Annona, Custard-Apple, Sugar-Apple, Soursop, Poor Man's Banana, Hoosier Banana, and Banangothese are just a few terms of endearment expressed by devotees of the humble pawpaw. The pawpaw plant, by any of its mouthwatering names, produces the largest edible fruit indigenous to North America.
Late summer is pawpaw season and in September they are at their peak. So for the next few weeks, thousands of connoisseurs throughout the United States will let their pawpaw passions run riot at events like the Pawpaw Festival in Albany, Ohio.
Way Down Yonder In The Pawpaw Patch
The botanical name of the pawpaw, Asimina triloba, isnt as alliterative as Soursop, but it describes a shrub found in 25 eastern states including North Carolina, Virginia, South Carolina, Georgia, Florida, and Tennessee. It grows as far north as Ontario, and as far west as Texas.
While it undoubtedly was a favorite treat among indigenous North Americans for thousands of years, the first official record of the pawpaw was made in 1541 by Spanish conquistador Hernando de Soto. During one of his expeditions he reported Native Americans harvesting them near the Mississippi River.
Here's an interesting bit of pawpaw potpourri: Chilled pawpaws became a favorite dessert of U.S. Presidents Washington and Jefferson.
Picking Up Pawpaws...
One name, Banango, most closely approximates the banana-mango custardy consistency of this amazing fruit. The tropical taste is often described as a blend of pineapple, banana, mango, pear, papaya, and cantaloupe - a self-contained fruit salad!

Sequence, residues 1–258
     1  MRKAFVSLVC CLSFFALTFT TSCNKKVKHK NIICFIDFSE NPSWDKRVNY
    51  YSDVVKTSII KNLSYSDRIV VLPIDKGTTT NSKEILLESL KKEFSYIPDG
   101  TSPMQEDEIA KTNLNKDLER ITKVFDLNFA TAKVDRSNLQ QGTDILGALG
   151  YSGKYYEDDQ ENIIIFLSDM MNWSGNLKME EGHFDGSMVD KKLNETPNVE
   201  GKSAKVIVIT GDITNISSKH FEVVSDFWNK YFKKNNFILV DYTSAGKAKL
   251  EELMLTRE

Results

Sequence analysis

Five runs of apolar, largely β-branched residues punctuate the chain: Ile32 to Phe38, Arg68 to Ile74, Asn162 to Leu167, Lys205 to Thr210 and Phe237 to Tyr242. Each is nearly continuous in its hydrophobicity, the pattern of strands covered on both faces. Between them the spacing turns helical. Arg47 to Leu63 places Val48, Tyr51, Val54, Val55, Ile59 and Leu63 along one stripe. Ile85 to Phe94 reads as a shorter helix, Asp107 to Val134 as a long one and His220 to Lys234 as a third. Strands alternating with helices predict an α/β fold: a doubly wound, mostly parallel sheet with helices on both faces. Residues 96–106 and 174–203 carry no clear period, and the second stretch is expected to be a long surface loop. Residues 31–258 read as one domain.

One pawpaw can weigh as much as a pound, and may grow to half a foot in length. The largest ones look like mangos. On the inside there are usually two rows of seeds with 10 or 14 seeds in each row; and the brownish seeds are shaped like lima beans.
... Put 'Em In A Basket
Their sturdy appearance belies their fragility. Pawpaws have a short shelf-life of only two or three days at room temperature, or a week in the fridge. So long-term storage, such as canning, is not an option. Stocking them in grocery stores isn't practical either, but some farmers markets in the heart of pawpaw country carry them during this time of year.
Growing your own pawpaws may be a daunting option, but if your climate is right [zones four through eight are ideal], and your schedule of care is consistent, it will be worth the effort. And unlike some plants, pawpaws are virtually pest-free. You can order container plants from online nurseries and garden centers.
Pawpaws are packed with nutrients. They're high in fiber, unsaturated fats, and antioxidants; and are chock full of more protein than most fruits. They're also a healthy source of carbs and amino acids.
Foodies transform them into sorbets and ice creams, pies, parfaits, pancakes, juices and even wine. And they're a great substitute for banana-based recipes.
From Little Pawpaw Lake in Michigan to Pawpaw Creek in Texas, the satisfied sighs of pawpaw lovers will resound throughout the land - at least for the next few weeks, anyway. Bon Appetit!
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Founder Ray Spotts has a passion for all things natural and has made a life study of nature as it relates to health and well-being. Ray became a forerunner bringing products to market that are extraordinarily effective and free from potentially harmful chemicals and additives. For this reason Ray formed Trusted Health Products, a company you can trust for clean, effective, and healthy products. Ray is an organic gardener, likes fishing, hiking, and teaching and mentoring people to start new businesses. You can get his book for free, “How To Succeed In Business Based On God’s Word,” at www.rayspotts.com.